when relevant content is
added and updated.
When MS pushed the August updates just over a week ago, they clearly did not expect the kinds of problems that have emerged in the wake of their release.
In a revised version of security bulletin (MS14-045), in fact, MS now recommends that anyone who’s installed any of the following updates as identified by specific Knowledge Base (KB) articles, go ahead and uninstall them (this is easily accomplished in the Windows Update utility by right-clicking on an update on the “Installed Updates” pane, then selecting “Uninstall” from the resulting pop-up menu):
2982791 MS14-045: Description of the security update for kernel-mode drivers: August 12, 2014
2970228 Update to support the new currency symbol for the Russian ruble in Windows
2975719 August 2014 update rollup for Windows RT 8.1, Windows 8.1, and Windows Server 2012 R2
2975331 August 2014 update rollup for Windows RT, Windows 8, and Windows Server 2012
Apparently, the issue is somehow related to font handling, and may result in mis-rendering of fonts on-screen, or in some cases, the 0x50 Stop error message and a modern-day equivalent of the “Blue Screen of Death,” which while not as scary as the older memory dump screen just prior to system shutdown, nevertheless results in a complete system hang. In some reported cases, too, the affected PC will not boot properly following a restart or cold boot-up sequence, and can only be restored to operation from a restore point or image replacement that predates the update’s (or updates’) application. Ouch!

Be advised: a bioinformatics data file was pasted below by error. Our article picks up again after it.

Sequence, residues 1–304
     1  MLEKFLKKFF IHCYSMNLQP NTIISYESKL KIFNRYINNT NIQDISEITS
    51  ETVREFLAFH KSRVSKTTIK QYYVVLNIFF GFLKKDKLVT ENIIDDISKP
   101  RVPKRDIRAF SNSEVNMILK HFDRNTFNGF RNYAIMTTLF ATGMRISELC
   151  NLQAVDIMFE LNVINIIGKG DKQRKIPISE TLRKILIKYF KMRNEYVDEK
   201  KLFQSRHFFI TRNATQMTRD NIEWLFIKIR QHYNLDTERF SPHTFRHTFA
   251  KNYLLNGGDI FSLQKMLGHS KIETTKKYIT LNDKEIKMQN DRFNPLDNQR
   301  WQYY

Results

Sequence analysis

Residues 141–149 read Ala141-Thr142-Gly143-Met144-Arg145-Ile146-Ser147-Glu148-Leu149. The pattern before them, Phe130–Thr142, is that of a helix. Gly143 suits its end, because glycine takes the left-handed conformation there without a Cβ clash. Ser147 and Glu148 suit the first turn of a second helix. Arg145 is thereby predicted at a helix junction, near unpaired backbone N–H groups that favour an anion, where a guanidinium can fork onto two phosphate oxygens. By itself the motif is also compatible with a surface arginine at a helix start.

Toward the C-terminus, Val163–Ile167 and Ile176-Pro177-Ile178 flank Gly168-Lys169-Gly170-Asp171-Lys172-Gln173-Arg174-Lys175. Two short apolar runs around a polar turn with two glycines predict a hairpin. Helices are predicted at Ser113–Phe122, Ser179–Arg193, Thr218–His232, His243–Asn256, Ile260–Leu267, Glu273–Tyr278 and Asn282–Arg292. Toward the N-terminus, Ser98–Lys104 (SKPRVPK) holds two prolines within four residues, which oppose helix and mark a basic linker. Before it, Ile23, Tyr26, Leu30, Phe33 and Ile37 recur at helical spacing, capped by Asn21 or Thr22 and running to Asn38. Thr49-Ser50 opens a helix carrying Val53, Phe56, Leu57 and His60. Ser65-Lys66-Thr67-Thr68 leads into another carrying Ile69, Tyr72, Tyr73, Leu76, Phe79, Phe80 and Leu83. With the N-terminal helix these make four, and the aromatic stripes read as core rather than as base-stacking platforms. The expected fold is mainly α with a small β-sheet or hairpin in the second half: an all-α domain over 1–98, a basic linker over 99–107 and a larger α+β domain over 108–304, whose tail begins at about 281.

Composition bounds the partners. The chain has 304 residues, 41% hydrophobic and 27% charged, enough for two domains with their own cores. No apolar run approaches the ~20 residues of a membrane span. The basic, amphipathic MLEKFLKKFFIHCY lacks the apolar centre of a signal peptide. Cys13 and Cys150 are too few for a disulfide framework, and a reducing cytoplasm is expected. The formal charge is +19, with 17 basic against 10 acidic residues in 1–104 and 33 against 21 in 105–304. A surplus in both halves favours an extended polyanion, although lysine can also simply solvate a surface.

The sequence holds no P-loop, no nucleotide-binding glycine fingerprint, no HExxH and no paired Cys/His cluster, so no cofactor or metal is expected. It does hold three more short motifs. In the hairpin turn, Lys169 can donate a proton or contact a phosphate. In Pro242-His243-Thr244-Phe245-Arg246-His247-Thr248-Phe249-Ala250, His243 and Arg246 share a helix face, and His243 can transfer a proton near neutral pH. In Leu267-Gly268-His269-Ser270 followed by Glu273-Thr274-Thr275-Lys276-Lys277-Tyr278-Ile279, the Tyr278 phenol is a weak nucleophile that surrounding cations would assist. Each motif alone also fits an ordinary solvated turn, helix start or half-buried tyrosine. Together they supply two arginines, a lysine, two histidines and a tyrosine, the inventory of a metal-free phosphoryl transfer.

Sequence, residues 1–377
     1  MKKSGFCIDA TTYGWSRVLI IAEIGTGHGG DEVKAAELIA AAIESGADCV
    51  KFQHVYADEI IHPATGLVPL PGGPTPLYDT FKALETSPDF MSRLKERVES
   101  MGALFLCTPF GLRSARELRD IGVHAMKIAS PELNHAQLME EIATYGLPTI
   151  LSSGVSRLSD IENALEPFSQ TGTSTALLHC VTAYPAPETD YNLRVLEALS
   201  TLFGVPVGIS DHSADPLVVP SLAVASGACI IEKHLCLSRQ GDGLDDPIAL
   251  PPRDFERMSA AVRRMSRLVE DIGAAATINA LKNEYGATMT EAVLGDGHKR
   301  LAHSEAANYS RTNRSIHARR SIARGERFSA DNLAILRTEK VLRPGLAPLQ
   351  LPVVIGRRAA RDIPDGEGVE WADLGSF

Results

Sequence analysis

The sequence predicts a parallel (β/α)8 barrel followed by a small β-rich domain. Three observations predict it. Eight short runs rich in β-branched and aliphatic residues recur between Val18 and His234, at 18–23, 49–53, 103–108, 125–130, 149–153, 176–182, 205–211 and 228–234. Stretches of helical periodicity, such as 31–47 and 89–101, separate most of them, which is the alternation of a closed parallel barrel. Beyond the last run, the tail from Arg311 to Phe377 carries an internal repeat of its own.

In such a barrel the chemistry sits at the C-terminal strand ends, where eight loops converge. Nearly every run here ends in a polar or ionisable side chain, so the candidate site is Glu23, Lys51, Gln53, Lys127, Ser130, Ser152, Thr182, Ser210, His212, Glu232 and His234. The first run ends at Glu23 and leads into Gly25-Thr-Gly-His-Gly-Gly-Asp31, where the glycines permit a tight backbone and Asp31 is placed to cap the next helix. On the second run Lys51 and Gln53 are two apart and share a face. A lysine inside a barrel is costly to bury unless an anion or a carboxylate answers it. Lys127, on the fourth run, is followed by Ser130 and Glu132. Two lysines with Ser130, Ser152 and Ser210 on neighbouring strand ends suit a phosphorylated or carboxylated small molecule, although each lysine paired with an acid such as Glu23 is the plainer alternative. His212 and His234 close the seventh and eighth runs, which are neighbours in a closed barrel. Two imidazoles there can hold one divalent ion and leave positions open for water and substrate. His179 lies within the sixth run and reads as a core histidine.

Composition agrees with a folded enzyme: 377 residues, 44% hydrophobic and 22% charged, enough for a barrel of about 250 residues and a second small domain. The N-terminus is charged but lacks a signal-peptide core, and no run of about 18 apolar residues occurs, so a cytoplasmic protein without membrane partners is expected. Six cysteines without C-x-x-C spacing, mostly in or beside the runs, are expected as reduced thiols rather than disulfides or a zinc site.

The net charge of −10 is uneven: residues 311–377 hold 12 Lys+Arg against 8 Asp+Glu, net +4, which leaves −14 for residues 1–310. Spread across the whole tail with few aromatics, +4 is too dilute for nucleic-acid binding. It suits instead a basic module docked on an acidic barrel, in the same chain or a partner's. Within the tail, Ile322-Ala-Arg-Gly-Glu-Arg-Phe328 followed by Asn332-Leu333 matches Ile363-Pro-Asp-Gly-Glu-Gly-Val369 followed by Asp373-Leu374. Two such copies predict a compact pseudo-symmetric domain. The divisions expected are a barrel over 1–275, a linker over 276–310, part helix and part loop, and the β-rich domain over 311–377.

In a terrific diatribe entitled “Patch Tuesday Tripped Up by Rapid Release Era,” Windows maven Paul Thurrott waxes both eloquent and profane on this situation, and the inevitable fear and loathing it can’t help but evoke in most corporate Windows IT operations, where they’ve been “mildly hesitant” (to be as positive about the prevailing situation as possible) to jump on the rapid update cadence that Windows 8 has now adopted. Here’s a lengthy quote from that article that lays out his thoughts — which I both share and endorse, for what that’s worth — in unapologetic fashion:
The firm is recommending that users uninstall the offending updates and is urging them in some cases to uninstall those patches. This isn’t just unprecedented, folks, it’s catastrophic. And it casts a pall over Microsoft’s rapid release strategy.
You may recall that I’ve been worried about this very problem, though even I didn’t imagine that Microsoft would somehow screw up so many updates in a single month. (See, I’m not that negative.) But in a world in which IT departments were already leery about just trusting the updates that Microsoft released each month, I was curious what would happen when the firm started updating its core products even more rapidly. All it would take, I conjectured, was a single bad month.
Unfortunately, August 2014 is that month.
The moral of the story is that a rapid update cadence is all well and good, but the updates must themselves work well and be good to IT administrators before the corporate/enterprise IT world will jump on that bandwagon. Alas, I have to agree that MS has just shot itself in the foot quite neatly and convincingly. Now we’ll have to see how well their damage control works with the IT audience!